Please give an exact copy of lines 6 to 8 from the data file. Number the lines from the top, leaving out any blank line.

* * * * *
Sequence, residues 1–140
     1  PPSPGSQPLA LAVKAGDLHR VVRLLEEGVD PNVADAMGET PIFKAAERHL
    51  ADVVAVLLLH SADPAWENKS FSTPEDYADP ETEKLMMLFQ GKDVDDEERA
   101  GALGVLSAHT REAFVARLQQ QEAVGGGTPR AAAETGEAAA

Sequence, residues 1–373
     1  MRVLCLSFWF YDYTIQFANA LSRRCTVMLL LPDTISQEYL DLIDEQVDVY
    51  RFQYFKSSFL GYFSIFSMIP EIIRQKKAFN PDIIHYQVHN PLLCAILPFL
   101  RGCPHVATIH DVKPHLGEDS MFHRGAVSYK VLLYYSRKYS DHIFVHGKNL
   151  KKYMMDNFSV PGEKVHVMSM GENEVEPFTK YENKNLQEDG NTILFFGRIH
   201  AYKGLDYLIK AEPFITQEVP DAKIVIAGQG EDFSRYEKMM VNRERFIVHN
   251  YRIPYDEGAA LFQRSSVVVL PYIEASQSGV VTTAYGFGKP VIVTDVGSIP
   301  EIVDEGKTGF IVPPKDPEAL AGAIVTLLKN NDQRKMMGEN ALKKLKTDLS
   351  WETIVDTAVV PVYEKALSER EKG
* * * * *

     1  MRVLCLSFWF YDYTIQFANA LSRRCTVMLL LPDTISQEYL DLIDEQVDVY
    51  RFQYFKSSFL GYFSIFSMIP EIIRQKKAFN PDIIHYQVHN PLLCAILPFL
   101  RGCPHVATIH DVKPHLGEDS MFHRGAVSYK VLLYYSRKYS DHIFVHGKNL